Samen met Maarten Zeinstra ben ik op dit moment in Buenos Aires voor de Global Summit van Creative Commons. Een onderdeel is een mede door Kennisland georganiseerde miniconferentie over de verhouding tussen Creative Commons en modernisering van het auteursrecht die afgelopen woensdag plaatsvond en meer dan 100 deelnemers uit het wereldwijde netwerk van Creative Commons trok.
Hieronder de introductie van de presentatie die ik als medeorganisator van de bijeenkomst gehouden heb:
Let me give you a little bit of background where we are coming from with regards to this discussion about the relationship between Creative Commons and Copyright Reform. If you want, this discussion is a follow up of a discussion that surfaced during last year's Global Congress on Intellectual Property and the Public Interest in Rio de Janeiro.
People from Creative Commons affiliate teams formed the biggest contingent of participants from a single community there, yet we did not have a position on what we were doing there as Creative Commons.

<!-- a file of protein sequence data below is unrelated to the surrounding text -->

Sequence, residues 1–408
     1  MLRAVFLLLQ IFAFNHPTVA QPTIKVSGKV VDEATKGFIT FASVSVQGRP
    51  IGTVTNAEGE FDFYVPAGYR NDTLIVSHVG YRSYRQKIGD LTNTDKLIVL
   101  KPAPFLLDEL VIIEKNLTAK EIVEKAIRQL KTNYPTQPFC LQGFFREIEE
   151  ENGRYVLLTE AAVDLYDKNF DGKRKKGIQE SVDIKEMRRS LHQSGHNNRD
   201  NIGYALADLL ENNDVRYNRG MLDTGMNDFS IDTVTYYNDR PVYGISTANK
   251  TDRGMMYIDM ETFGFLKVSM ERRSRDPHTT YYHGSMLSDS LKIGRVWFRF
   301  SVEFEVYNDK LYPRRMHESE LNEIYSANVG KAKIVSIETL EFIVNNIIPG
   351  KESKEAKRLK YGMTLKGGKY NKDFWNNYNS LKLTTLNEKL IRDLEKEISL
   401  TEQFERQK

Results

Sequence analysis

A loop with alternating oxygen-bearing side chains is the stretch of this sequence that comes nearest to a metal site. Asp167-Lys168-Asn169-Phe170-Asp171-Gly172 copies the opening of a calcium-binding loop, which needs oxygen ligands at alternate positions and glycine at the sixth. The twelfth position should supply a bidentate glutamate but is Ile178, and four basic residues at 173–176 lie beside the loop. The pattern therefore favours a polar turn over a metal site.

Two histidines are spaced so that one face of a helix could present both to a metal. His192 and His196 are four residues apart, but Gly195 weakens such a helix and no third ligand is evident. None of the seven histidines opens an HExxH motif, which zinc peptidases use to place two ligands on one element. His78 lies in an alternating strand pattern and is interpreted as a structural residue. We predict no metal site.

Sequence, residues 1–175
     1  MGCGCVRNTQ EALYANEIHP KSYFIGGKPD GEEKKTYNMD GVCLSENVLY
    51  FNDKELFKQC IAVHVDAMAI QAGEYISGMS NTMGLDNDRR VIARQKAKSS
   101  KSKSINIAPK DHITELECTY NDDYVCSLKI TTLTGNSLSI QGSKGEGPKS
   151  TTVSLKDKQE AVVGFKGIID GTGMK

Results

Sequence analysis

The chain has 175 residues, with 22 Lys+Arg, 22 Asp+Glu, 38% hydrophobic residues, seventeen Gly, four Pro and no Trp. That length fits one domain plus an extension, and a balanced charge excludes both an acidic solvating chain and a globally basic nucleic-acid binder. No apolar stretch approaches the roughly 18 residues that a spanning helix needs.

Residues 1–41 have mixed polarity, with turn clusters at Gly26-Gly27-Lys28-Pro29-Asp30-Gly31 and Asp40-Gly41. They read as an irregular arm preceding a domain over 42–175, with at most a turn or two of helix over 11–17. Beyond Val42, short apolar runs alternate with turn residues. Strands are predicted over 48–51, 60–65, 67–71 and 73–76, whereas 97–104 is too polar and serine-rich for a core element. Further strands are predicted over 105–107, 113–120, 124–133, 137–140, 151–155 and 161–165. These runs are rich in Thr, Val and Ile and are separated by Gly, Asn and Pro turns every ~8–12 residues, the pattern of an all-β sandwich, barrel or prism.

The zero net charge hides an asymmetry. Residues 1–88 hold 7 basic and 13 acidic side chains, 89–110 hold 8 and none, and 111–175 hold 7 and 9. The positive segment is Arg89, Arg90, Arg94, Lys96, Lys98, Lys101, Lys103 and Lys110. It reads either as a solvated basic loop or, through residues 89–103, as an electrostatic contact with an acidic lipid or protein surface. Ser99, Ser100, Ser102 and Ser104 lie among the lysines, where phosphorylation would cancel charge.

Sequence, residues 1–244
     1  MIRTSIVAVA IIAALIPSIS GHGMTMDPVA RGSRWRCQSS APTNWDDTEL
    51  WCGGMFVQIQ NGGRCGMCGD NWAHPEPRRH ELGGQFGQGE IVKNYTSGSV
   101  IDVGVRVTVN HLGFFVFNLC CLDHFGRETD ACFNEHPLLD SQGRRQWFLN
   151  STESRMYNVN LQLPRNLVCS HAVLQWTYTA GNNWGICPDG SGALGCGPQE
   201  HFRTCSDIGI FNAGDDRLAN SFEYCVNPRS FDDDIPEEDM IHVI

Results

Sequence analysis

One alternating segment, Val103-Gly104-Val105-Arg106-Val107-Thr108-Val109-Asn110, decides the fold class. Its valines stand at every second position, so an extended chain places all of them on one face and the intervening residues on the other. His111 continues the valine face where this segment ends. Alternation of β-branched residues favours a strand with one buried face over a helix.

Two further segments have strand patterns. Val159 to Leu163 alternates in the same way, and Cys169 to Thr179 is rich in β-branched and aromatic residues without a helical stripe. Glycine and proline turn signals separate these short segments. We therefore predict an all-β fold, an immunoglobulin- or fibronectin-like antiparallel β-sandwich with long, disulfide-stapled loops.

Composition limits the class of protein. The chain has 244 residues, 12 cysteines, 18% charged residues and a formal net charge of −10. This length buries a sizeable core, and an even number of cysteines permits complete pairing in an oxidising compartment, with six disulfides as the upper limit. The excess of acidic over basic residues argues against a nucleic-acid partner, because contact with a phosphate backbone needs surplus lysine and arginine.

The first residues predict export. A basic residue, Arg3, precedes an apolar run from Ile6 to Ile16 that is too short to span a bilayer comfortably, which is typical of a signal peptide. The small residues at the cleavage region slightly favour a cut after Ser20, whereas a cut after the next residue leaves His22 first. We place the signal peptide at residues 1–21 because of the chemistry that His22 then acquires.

It is obvious that lots of people involved in Creative Commons are also involved in copyright reform activities, but until now we have mostly attempted to keep these two activities separated. Personally, I cannot count how often I have prefaced contributions to discussions by stating that "I am not making this point with my CC hat on".
After the 10th anniversary of the Creative Commons movement we feel that the time has come to rethink this separation as well as the notion that Creative Commons, as a steward of the CC licenses, needs to be neutral when it comes to copyright reform efforts that are going on around the world. This is even more important as we currently see a lot of opportunities to push for meaningful of reform copyright: